Guitar Geek moment: Tips on getting the most from amp modelers

Gonna call myself out on a geeky guitar gear related post here, but I’ve told this stuff to a lot of people over the years and finally decided to write it down. If you’re a guitarist who has to play live without an amplifier… read on.

There are lots of reasons you might have to use an amp modeler instead of a tube amp for live performing work. Some limitation of the venue perhaps, or practicality, or affordability, or whatever.

I have a very strong bias towards using a live amp (or amps) and pedals. But over the years, I’ve had occasion to do a lot of live work in large venues using various amp modelers. And the good news is, they can be made to sound good. The bad news is… there are no shortcuts. Good tone takes work no matter what gear you use.

So, whether you’re using the affordable units (Line6 POD models) or high-end stuff (Fractal Audio AxeFx, etc.), there are some things you can do to get the best sound possible. Here’s what I’ve learned.

Reference and Context:
Dial in your tones using some reference point – ideally, another guitar amp, or recording of one you like. Remember – in music, context is king. You can create a tone that you think sounds good and balanced by itself. But without something to compare it to, or some sort of context to place it in, you can end up with a sound that either disappears in the mix, or pokes out in all the wrong places and just sounds bad.

Dial in your tones side-by-side with a real amp, or play along with recorded guitar sounds you like to see how it sits in the mix.

Dial in your patches at gig volume. This is not an excuse to play loudly – this is because of the Fletcher-Munson, or ‘equal volume’ curves. In short, your ears perceive midrange frequencies more prominently at low overall volume levels. At low volume levels, you will have to add a lot of low- and high-end EQ for your ears to perceive those frequencies as being as equally loud as the mids.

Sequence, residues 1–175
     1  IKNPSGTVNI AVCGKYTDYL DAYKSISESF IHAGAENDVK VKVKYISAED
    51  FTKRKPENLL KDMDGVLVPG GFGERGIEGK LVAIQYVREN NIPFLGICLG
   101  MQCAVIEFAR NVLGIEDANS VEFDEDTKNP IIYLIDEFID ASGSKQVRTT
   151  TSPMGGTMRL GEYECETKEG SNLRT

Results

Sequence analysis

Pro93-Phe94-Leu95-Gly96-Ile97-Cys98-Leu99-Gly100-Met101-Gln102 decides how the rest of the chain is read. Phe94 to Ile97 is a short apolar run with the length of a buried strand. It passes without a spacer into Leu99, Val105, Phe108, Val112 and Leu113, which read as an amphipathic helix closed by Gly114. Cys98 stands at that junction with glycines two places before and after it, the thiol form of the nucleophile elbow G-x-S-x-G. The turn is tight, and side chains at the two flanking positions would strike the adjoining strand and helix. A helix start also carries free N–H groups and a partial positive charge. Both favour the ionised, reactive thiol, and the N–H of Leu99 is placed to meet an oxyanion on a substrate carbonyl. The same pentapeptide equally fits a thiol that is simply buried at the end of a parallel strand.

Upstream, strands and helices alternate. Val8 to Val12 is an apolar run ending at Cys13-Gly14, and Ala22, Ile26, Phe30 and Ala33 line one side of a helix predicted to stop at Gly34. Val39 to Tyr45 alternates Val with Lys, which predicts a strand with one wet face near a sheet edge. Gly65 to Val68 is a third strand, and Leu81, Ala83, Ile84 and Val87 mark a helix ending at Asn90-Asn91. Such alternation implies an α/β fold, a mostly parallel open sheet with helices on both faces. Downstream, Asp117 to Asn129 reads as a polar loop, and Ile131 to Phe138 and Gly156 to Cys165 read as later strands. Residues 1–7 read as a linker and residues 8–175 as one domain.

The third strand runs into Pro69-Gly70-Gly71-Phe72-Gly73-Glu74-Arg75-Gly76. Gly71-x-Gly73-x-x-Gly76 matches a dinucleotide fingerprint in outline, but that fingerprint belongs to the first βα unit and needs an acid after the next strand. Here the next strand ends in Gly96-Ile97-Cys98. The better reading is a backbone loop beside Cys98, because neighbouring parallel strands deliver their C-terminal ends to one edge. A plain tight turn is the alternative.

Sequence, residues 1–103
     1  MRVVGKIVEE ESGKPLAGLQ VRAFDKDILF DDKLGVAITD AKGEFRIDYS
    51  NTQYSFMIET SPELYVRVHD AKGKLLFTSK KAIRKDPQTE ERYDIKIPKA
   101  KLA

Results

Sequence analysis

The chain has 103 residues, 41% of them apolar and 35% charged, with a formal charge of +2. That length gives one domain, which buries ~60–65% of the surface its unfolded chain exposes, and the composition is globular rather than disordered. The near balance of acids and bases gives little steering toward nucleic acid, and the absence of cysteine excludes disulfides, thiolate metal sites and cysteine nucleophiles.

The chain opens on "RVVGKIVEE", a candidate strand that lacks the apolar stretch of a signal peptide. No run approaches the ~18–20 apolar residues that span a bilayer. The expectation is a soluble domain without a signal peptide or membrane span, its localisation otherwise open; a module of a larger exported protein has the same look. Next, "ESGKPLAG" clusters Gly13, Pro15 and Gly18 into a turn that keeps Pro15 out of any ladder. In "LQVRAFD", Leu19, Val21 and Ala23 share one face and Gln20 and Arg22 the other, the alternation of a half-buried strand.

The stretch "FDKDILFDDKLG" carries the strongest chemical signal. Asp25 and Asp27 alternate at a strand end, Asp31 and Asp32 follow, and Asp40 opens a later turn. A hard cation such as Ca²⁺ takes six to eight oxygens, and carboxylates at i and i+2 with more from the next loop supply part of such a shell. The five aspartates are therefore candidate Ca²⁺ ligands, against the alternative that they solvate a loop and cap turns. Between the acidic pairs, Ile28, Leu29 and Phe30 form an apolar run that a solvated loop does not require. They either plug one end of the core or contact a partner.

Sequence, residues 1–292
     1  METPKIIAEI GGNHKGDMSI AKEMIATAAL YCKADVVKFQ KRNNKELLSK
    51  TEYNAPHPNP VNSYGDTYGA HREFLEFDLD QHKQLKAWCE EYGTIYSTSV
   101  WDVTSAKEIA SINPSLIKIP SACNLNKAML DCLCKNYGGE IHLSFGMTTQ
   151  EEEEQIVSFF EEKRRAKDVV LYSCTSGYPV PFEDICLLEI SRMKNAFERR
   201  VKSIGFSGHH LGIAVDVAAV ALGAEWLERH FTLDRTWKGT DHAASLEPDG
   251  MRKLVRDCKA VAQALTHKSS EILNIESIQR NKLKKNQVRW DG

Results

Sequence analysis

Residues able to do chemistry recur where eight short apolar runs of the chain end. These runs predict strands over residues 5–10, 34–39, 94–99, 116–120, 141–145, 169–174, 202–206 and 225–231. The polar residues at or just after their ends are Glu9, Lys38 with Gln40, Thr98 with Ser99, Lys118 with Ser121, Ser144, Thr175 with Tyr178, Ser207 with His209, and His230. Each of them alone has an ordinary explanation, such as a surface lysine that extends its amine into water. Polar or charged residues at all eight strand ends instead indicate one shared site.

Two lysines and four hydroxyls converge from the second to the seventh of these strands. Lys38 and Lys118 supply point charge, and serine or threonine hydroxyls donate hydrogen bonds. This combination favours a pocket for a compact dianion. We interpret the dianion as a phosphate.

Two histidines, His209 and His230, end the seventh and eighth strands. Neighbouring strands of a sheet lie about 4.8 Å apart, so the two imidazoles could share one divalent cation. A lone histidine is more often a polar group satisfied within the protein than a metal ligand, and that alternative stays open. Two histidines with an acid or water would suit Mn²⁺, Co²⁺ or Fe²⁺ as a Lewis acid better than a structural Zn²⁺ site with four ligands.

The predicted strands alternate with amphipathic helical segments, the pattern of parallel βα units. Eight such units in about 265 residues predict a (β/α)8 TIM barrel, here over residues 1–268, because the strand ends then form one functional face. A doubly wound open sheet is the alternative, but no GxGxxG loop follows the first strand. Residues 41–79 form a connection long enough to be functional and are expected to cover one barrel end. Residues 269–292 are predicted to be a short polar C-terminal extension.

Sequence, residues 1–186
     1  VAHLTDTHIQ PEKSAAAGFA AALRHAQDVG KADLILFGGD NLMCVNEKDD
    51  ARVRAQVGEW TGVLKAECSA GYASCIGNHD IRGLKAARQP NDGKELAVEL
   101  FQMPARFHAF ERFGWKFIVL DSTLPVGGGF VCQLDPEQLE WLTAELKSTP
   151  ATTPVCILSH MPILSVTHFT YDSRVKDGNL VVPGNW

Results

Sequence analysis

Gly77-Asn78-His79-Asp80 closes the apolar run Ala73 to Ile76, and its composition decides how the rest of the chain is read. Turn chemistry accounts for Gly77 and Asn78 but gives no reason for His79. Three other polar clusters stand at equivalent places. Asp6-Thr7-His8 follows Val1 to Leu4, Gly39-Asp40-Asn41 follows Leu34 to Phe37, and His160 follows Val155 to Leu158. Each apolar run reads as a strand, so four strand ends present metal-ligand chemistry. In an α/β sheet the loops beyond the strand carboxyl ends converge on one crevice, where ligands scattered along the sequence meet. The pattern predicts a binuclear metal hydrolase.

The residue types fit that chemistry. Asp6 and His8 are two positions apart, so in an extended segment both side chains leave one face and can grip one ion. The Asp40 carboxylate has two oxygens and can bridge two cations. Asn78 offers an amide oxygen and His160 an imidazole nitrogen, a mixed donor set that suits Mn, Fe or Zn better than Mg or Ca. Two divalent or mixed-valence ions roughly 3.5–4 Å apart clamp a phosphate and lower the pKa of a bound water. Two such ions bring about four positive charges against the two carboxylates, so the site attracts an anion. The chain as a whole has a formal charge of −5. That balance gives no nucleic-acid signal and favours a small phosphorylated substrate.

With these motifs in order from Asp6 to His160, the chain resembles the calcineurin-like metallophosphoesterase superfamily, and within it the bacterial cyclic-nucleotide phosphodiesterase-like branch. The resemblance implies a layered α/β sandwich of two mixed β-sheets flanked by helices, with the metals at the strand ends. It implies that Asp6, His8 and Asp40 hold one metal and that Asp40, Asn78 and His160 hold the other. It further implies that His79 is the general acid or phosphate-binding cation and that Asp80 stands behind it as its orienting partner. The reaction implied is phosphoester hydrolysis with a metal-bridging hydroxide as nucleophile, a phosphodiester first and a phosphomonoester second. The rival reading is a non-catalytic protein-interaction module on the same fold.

So… let’s say you dial in a patch on your amp modeler that sounds all warm and articulate at apartment volume. Then you put it through a PA, which is a couple dozen dB louder, and there’s way too much bass and highs. It’s all ice picks and mud, you sound terrible, the FOH guy hates his life, and his only recourse is to bury you in the mix.

I believe this is why people dislike amp modelers – because the people using them don’t understand this very important bit of audiology.

By dialing in the amp modeler patch at a meaningful volume (80-85 dB, where your ears’ natural frequency curve is the flattest), you’ll know the tone you’ve dialed in is going to sound good once it comes through a PA at gig volume.

Dial in your tones through a full-range system, since that’s what they’ll be playing through. Don’t do it using earbuds, and don’t do it using a guitar amp. Even a full-range monitor will be better than nothing, but do it through a PA if you can. A studio control room is also good. Heck, even a good keyboard amp would be better than nothing.

This ain’t a 5-minute proposition. Here’s an example: I did a live record last year, and even though I prefer a tube amp, I used a digital amp simulator. (If I had to re-track anything later in a studio, I could use the same gear and punch in with the EXACT same sounds. Out of 14 songs, there were a couple I needed to replace some minor parts in, and I was glad I did it that way.)

So, in preparation for that gig, I dialed in the amp modeler settings using my own tube amplifier as a reference. I sent the signal to the amp sim into a PA, AND to my amp, so I could A/B them in real time, and make sure the modeled amp sound was as similar to my tube amp as possible.

Then, I played the modeled sound through the PA along with other recorded music to make sure the sound worked in context.

Bottom line: I spent several hours – like, 10 – tweaking that patch on my amp modeler. (When it’s your job and you’re preparing to record a live album, you invest some time…). In the end, the producers of the album were happy, I was able to easily do some minor track replacements, and the finished product sounds great. Everyone wins.

All patches are not created equal… but should be:
Okay. All of that effort I just described was for ONE PATCH in my amp modeler. If you dial in multiple patches using different amp models, then you should also play the patches and switch back and forth between them, and make sure the volume levels and overall EQ aren’t wildly different. Your FOH guy will thank you.

So there you go. In short:
– Dial in the patches using some sort of reference for comparison
– Dial in the patches at a meaningfully loud volume
– Dial in the patches through a full-range PA system of SOME sort
– Spend the time to get it right
– Make sure your various patches have similar overall volume and aren’t radically different on overall EQ.

And if you’re me, you’ll STILL want to use your amp, but I don’t always get to decide. I like to work, so I do what it takes to get the gigs, and this is part of it sometimes. I can either be picky or employed 🙂

I’m sure there are other tricks, and if you have any, I’d love to hear them!  I am certain that more ampless gigs are in my future, and maybe yours too.